Wednesday, June 17, 2015

The Value of Persistence and Tracking

Persistence is one of those words that parents hold up to their children as an important life value. Why is it that we can be really good at persisting for some things, and then really bad with others. I've always been a persistent person. I tend to know what I want and keep striving to get there no matter how many roadblocks get put in the way.  I did this throughout my education--elementary school through university. I've been the same way with work choices.

However, there is one thing that has eluded me for most of my adult life. That is getting regular exercise. There have been times in my life when I did well with exercise. Those times usually involved an activity I loved (jazz dancing, tennis) or a boyfriend's passionate occupation (scuba diving). However, as I've become older and settled in my ways, it seems that days go buy easily without me hardly moving. Given a choice between doing something that takes a lot of mind work (reading, writing, researching) versus moving around, I'll always go for the mind stuff. I know I'm not alone in this. I have family and friends, and lots of author friends, who suffer from the same sedentary lifestyle I lead.

My doctor, and friends who have been successful with weight loss, have all told me all I have to do is walk 30 minutes a day. I'm a world-class rationalizer when it comes to non-movement, so it's taken me a couple years of hearing this again and again before I decided to actually put it into practice.  So, let me share with you a few things I've learned a long the way with the hope that you don't let these things top you.

First, forget that 10,000 steps a day goal. That is WAY too many to start with and if you go for broke in the beginning you will hurt yourself and just stop. Find out what your norm is and then work up from there. DO NOT FEEL BAD ABOUT WHATEVER THE INTERNET SAYS NORMAL IS. By the way that 10,000 steps a day is a myth.

Also, stay away from Internet ideas about what is "normal" for daily step counts when not even trying to exercise. I saw estimates ranging from 3,000 to 5,000 steps per day. One evcen claimed that 6,000 was the norm for just doing our daily routines. Well either I'm very abnormal or all the "normal" people are twice to three times as active as I am during their days. Given the obesity rate in the U.S. I have a feeling I'm in the majority and those 5,000 steps a day "normal" people are in the minority. However, it took me a while to throw out the guilt for being such a lazy butt.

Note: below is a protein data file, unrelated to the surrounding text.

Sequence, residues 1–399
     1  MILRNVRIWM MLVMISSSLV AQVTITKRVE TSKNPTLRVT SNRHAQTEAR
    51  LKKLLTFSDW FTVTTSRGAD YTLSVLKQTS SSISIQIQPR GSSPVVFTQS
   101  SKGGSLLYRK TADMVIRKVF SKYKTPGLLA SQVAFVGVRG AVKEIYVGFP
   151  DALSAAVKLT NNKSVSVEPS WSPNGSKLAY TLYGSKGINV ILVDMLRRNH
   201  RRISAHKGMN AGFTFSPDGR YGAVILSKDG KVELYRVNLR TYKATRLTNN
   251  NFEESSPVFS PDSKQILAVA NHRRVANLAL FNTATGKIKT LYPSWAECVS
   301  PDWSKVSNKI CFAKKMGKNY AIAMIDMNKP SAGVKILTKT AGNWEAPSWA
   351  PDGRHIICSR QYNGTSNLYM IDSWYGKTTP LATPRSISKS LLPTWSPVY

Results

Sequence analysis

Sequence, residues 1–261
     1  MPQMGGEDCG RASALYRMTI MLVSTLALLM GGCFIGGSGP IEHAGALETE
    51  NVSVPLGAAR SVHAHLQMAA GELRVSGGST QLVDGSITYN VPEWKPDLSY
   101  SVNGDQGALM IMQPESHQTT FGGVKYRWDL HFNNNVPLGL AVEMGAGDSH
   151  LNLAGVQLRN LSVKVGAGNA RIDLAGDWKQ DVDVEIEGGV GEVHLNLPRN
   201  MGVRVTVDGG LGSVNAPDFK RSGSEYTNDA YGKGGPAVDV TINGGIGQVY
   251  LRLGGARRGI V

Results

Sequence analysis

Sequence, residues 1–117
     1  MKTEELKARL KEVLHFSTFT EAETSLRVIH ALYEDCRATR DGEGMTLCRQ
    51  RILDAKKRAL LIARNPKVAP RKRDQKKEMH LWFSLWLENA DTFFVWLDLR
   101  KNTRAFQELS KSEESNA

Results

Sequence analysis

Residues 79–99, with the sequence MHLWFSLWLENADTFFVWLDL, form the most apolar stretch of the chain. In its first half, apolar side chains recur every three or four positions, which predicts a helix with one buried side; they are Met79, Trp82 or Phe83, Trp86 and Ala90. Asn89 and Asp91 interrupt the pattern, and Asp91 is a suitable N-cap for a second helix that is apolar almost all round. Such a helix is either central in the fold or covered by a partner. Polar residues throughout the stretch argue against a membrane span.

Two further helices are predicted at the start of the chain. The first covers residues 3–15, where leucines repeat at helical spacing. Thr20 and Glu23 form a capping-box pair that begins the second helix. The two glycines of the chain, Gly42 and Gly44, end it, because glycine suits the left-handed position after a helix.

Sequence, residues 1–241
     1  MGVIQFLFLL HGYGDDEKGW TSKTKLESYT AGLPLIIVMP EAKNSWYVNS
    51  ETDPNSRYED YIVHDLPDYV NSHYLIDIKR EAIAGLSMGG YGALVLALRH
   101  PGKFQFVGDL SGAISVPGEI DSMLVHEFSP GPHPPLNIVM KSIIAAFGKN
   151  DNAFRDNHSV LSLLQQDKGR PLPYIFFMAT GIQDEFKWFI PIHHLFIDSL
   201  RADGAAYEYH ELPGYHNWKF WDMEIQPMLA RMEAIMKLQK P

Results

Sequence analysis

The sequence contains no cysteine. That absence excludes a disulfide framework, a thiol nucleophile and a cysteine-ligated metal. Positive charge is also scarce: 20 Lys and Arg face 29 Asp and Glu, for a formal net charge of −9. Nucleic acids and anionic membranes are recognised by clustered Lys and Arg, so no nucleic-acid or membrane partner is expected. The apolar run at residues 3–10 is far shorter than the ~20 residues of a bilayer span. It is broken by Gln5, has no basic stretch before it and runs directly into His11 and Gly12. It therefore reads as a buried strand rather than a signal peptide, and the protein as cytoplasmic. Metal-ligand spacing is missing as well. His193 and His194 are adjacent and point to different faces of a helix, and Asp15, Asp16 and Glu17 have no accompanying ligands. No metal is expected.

I'm a tracker. It provides me daily statistics and, for me, information is critical to keeping me on the straight and narrow. So I decided to start from MY normal and work up from there. I bought a cheap pedometer for $12. No fancy fit bit for me. I wasn't going to be some athlete who was measuring her heart rate and miles walked or run and sharing it with the entire world to compete. Just so you don't feel bad I will share my first three days of tracking. I did 1,450 steps on Sunday, 1,040 on Monday, and then an amazing 2,375 on Tuesday. Who knows what happened on Tuesday I did another 1,000 steps than the other two days (I think I probably went to the grocery store that day).

Now that I knew what my normal was, I set some achievable goals for the first couple of weeks. That was to get to 3,000 steps every day, and to strive for 5,000 for two of those days. It wasn't so easy, but having the intention helped and tracking it every day made it clear to me. I learned that a 15 minute walk around the block yielded 800  steps for me. Wahoo! I also learned that if I set a timer and get up from the computer once per hour and just walk around the house for a couple minutes I could get nearly 150 steps each time--that's another 500 to 800 steps in a day. Before I knew it (okay three weeks of tracking), I was reaching 3,000 regularly.

After I could hit 3,000 five out of seven days in the week for two weeks in a row, I set a goal of hitting 5,000 three days a week and at least 3,000 the other four days. That took me another six weeks to accomplish. An important part of accomplishing that was to convince a friend of mine to become my walking buddy three days a week. If I had to actually walk for 30 minutes I needed someone to talk to along the way, and preferably someone who was not into speed walking. Then I color-coded my spreadsheet and put bright yellow highlights every time I made 5,000. Yes, I am easily satisfied with bright colors as rewards.

Now, I'm 13 weeks into my tracking and I'm aiming for 7,500 steps at least three days a week and 5,000 all the other days. 7,500 gets a pretty green highlight. :)  I don't know how long it will take me to make this next step. I'm guessing a month or more. It means really changing my daily life routines and adding that 30 minute walk into EVERY day, and something longer three days a week.